Beyoncé and Solange’s mum has recreated two of her daughters’ iconic photos

Tina Knowles Lawson picked some iconic looks to adopt as her own

Beyoncé and Solange’s mum has dressed up as her daughters in two new posts on her Instagram page.

Tina Knowles Lawson shared the photos of her recreating two iconic images of the pair earlier today (November 6).

“This is my rendition of Beyoncé,” she captioned a picture of her dressed in a shoulderless black dress, hat covering her eyes, gold jewellery and two blonde plaits.

This is my rendition of Beyonce'

A photo posted by Tina Knowles (@mstinalawson) on

She also recreated the cover of Solange’s ‘A Seat At The Table’ album, posing with coloured hair clips in her hair, as The Fader reports. The record was released on September 30 and went to Number One in the US, beating Bon Iver to the top spot.

This is my rendition of Solange❤️

A photo posted by Tina Knowles (@mstinalawson) on

Last night (November 5), Solange made her debut appearance on SNL. She performed ‘Cranes in the Sky’ and ‘Don’t Touch My Hair’ on the TV show.

Both songs are taken from ‘A Seat at the Table’ – her first full album since ‘Sol-Angel And The Hadley St Dreams’ in 2008 and 2012’s ‘True’ EP.

Sherlock and Dr.Strange star Benedict Cumerbatch hosted the show and introduced Solange before her first live performances of the songs.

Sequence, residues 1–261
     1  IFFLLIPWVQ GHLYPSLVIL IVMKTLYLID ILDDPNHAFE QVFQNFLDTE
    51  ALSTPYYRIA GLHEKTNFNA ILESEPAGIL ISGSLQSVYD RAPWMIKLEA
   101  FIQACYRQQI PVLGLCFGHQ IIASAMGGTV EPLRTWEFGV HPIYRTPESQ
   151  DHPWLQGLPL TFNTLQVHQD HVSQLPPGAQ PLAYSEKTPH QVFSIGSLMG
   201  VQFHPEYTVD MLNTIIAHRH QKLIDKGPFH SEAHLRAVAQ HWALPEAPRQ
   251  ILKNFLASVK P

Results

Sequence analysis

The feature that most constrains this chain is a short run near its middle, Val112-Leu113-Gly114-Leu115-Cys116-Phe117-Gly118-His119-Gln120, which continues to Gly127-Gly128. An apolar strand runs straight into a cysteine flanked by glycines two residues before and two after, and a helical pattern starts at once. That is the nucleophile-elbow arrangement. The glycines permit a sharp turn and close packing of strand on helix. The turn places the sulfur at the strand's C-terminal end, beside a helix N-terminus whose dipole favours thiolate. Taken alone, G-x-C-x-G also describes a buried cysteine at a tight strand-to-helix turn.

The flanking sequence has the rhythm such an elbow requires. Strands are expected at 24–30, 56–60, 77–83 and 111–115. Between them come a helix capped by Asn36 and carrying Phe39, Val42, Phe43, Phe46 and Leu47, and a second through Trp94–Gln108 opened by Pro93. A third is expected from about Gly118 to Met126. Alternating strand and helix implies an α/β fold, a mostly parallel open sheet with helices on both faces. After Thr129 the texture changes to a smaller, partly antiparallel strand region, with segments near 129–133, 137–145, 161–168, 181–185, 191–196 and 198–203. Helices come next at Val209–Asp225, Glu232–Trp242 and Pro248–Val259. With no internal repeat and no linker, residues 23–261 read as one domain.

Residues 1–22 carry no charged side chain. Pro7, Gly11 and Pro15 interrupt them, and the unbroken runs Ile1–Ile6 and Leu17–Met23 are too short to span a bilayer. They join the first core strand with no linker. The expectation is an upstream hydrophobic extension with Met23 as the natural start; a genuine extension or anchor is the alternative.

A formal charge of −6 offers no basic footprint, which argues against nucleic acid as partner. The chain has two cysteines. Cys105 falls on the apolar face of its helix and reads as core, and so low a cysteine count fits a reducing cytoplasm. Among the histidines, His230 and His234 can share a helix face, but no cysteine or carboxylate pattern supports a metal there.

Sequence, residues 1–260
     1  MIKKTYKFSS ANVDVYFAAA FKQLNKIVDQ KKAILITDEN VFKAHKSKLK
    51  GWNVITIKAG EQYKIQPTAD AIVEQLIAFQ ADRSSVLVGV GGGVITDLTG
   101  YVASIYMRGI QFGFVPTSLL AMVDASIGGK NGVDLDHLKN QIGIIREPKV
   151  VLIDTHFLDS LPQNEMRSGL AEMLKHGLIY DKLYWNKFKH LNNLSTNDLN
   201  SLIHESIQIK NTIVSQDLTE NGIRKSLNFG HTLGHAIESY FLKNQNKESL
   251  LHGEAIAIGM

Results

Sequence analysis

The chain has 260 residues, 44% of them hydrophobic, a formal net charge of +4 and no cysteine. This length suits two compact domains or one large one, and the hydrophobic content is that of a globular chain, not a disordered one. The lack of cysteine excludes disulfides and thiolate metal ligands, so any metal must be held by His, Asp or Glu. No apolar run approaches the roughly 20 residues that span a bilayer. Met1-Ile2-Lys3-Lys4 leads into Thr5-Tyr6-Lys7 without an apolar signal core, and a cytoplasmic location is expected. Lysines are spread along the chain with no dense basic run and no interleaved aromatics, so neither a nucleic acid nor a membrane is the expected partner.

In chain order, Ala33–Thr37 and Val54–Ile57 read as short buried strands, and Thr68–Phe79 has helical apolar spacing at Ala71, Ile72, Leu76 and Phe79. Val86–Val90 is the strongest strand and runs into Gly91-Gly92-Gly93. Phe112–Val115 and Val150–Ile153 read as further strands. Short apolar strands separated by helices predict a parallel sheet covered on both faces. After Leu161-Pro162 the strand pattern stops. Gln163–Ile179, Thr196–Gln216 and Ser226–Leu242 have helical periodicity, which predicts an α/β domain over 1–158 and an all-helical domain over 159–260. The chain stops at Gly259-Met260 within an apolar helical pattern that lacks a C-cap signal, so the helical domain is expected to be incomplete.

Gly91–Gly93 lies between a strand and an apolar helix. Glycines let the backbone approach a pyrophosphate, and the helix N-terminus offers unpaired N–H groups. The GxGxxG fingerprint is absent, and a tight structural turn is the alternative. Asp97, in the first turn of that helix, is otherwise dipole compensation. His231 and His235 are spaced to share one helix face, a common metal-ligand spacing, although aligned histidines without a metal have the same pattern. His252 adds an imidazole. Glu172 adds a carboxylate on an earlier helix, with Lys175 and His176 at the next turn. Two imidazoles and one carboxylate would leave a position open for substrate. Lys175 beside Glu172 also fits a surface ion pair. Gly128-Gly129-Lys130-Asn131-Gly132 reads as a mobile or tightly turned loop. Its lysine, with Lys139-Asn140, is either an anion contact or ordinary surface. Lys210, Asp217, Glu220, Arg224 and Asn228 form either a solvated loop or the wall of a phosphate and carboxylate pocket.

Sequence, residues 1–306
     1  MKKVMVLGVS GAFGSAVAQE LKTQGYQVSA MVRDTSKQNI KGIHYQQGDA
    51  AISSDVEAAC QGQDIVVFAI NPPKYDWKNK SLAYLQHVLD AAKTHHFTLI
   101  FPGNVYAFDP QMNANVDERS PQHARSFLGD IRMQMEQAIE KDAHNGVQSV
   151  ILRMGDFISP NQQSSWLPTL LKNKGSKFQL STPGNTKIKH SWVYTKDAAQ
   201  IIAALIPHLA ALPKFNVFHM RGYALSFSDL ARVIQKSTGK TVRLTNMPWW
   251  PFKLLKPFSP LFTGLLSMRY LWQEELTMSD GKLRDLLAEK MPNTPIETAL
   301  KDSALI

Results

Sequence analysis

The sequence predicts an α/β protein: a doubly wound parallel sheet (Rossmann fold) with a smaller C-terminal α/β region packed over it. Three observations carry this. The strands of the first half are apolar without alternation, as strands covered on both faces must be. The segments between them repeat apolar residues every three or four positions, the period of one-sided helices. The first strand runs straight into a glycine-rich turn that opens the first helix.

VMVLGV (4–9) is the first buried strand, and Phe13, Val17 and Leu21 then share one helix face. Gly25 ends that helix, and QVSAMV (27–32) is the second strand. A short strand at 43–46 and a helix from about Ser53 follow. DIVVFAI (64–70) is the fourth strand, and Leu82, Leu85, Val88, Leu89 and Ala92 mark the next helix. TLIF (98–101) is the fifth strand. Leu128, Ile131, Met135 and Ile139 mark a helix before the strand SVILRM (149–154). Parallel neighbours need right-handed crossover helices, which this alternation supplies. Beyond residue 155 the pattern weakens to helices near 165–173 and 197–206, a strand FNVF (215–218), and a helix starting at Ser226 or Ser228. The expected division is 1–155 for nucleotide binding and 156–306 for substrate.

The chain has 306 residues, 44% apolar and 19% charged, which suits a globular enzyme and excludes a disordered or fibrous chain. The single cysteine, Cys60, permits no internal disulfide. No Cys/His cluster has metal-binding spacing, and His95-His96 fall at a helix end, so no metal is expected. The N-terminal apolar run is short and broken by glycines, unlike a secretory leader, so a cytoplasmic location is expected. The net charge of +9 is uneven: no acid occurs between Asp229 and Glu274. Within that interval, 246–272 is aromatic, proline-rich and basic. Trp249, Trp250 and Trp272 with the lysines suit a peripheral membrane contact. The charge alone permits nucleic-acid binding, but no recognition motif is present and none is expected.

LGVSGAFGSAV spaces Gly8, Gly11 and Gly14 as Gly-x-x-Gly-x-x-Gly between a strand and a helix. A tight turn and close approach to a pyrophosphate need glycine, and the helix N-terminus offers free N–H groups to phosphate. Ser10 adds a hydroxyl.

‘A Seat At The Table’ features 21 songs, although eight of those are interludes. Guest cameos come from Kelly Rowland, Lil Wayne, Q-Tip, The-Dream, Sampha, Moses Sumney, Dev Hynes, BJ The Chicago Kid, Sean Nicholas Savage, Nia Andrews and Kelela. Solange has described the album as: “A project on identity, empowerment, independence, grief and healing.”

Speaking to The Fader, Solange said of comparisons to Beyoncé’s politically-charged ‘Lemonade’ album: “We have the same mother and the same father. We grew up in the same household, and so we had and heard the same conversations,” she began.

“These very politically-charged, socially-charged conversations… It shouldn’t be surprising that two people who grew up in the same household with the same parents who are very, very aware — just like everyone else is — of all of the inequalities and the pain and suffering of our people right now, would create art that reflects that.”